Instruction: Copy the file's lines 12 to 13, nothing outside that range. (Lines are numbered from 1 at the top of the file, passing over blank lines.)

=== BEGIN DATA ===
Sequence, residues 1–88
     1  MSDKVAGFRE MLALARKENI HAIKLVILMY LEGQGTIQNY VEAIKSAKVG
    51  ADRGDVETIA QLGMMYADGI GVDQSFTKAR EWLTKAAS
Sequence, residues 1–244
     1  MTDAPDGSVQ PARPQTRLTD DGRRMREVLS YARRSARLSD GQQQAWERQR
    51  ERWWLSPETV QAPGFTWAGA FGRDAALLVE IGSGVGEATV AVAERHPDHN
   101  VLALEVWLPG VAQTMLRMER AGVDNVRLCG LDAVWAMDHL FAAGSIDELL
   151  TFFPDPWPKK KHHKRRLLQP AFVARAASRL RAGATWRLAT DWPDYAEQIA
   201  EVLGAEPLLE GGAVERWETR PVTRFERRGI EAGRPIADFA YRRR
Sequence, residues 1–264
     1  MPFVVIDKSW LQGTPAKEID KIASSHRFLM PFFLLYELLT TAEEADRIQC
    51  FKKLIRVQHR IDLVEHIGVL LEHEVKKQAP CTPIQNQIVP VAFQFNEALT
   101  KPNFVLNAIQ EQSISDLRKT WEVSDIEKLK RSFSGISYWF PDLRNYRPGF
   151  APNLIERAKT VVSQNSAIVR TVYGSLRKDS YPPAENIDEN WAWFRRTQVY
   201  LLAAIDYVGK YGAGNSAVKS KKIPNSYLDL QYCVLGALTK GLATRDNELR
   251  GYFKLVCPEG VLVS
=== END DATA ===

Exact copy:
    51  FKKLIRVQHR IDLVEHIGVL LEHEVKKQAP CTPIQNQIVP VAFQFNEALT
   101  KPNFVLNAIQ EQSISDLRKT WEVSDIEKLK RSFSGISYWF PDLRNYRPGF